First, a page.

One incident was recorded some months later, on 13th July 1995. The pilot had just completed a climb out from Ketchikan and was adjusting the trim for level flight when the aircraft began vibrating. He landed immediately. Examination showed that a portion of the elevator servo tab had separated. Examination of the remaining section of the servo tab showed that there were cracks in the trailing edge. After some further service with Taquan, it was arranged for the Otter to be converted as a Vazar turbine. The work was performed by Island Flight Support Ltd., at Victoria, BC., and N472PM then continued flying as a turbine for Taquan Air until the company ceased operations as a result of financial difficulties in December 1999. N472PM was one of a number of aircraft put up for sale at auction by the receiver of Taquan Air in May 2000. It was on EDO 71710 floats, which had replaced the Wipline 8000s. It was advertised as having a total time of 10,184 hours on the airframe, with its PT-6A engine having a total time of 7,081 hours and being in need of overhaul. It did not sell at the auction and was reported in August 2000 as “sitting forlornly on the lower ramp at Ketchikan Airport, minus propeller and with a timed-out engine”.

The receiver arranged for the Otter to be ferried to Anchorage, Alaska where a new engine was installed. It was advertised again for sale in March 2001 with a zero-timed engine, asking price US$840,000 and 'ready to work'. On 9th May 2001 it was registered to American Aeromotive & Aero Energy Technologies Inc., of Dover, Delaware who had supplied the engine, but remained parked at Anchorage and for sale by the receiver of Taquan Air. It was eventually sold to Anchorage-based Rustair Inc., to whom it was registered on 31st July 2002, the registration being changed the following day from N472PM to N727KT. It joined K2 Aviation, which is a division of Rustair Inc., but based at the Talkeetna Airport. As its web-site proclaims: “K2 Aviation is a respected and familiar name in both the climbing community and tourism industry, having provided glacier flying service since 1979”. The Otter joined some Cessna 185s and Beavers and is used to fly tourists and climbers to glaciers   in the Alaska Mountain Range, as well as to fly sight-seers around Mount McKinley, flying up to 20,000 feet - the Otter is oxygen-equipped. In March 2003, Otter N929KT (461) also joined the K2 Aviation fleet, based at Talkeetna.

Rustair Inc., also using the trading name Rusts Flying Service, is a long established Anchorage-based operator and since June 1989 has flown Otter N2899J (425) on general charter work, on floats from its base at Lake Hood. In 1996 the Rust family purchased K2 Aviation, a flight-seeing and mountain climber support company in Talkeetna, one hundred miles or so north of Anchorage. It specialised in flight-seeing tours of Mount McKinley and the Alaska Range and in glacier landings, all of which were becoming increasingly popular. It also flew climbers to the Kahiltna Base Camp to begin the climb of Mount McKinley. K2 Aviation had a fleet of Cessna 185s and Beavers, which continued in use with the company, now a subsidiary of Rustair. From 1996 onwards Rustair had the two businesses, Rusts Flying Service flying general charters (including supporting many hunters and fishing lodges) from the base at Lake Hood, Anchorage and K2 Aviation, flying the tourists and mountaineers from the base at Talkeetna.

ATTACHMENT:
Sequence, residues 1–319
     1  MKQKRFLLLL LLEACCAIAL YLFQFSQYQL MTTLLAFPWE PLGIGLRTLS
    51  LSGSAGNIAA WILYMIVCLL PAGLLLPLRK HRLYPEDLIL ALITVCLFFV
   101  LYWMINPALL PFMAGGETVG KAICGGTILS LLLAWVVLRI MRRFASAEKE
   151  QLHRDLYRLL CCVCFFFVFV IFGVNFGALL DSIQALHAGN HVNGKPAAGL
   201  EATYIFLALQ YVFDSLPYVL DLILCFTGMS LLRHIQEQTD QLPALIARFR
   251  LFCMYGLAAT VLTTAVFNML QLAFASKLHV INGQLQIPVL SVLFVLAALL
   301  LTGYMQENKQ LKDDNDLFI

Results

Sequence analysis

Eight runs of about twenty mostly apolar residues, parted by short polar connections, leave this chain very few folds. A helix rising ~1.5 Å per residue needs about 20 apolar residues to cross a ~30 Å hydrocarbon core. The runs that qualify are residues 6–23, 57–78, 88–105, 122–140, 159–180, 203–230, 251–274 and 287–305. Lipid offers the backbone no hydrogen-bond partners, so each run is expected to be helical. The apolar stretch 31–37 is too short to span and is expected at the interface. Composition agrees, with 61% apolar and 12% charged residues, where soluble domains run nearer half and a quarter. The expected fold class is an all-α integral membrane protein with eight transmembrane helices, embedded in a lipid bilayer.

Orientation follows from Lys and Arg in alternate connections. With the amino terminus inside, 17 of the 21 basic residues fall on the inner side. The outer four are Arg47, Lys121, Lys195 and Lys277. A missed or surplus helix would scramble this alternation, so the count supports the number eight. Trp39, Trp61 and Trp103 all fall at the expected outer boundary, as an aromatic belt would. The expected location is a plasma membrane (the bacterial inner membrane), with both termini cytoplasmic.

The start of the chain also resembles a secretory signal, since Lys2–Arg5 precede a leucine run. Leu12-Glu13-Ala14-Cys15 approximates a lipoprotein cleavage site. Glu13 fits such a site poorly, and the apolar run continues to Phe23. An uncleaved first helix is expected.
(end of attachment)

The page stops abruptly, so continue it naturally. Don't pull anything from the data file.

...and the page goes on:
Having acquired turbine Otter N727KT in July 2002, it was painted into Rusts red and white colour scheme, with K2 on the tail and in August 2002 it became based at Talkeetna, flying for K2 Aviation, the first Otter to do so. It flew on wheel-skis, to enable it to land on the glaciers. As its website proclaimed: “K2 Aviation is a respected and familiar name in both the climbing community and tourism industry, having provided glacier flying service since 1979”. Over the years, Talkeetna (which is in the Denali National Park) became an increasingly popular destination for tourists and mountaineers during the summer months, and to cater for this business, Rustair went on to acquire several more turbine Otters, N929KT (461) in March 2003, N424KT (338) in June 2008, N320KT (73) in July 2012 and N636KT (451) in August 2016, so that for summer 2017 K2 Aviation were operating five turbine Otters out of Talkeetna. Just how popular these mountaineering activities have become is shown by the fact that Rusts competition, Talkeetna Air Taxi, were that summer also flying five turbine Otters out of Talkeetna, a major centre of Otter activity with ten turbines in action every summer’s day.  That remains the position for summer 2018.

Full history up to 2005 courtesy of Karl E Hayes © from DHC-3 Otter - A History (CD-ROM 2005), now with added and updated information which Karl has supplied for the benefit of the website.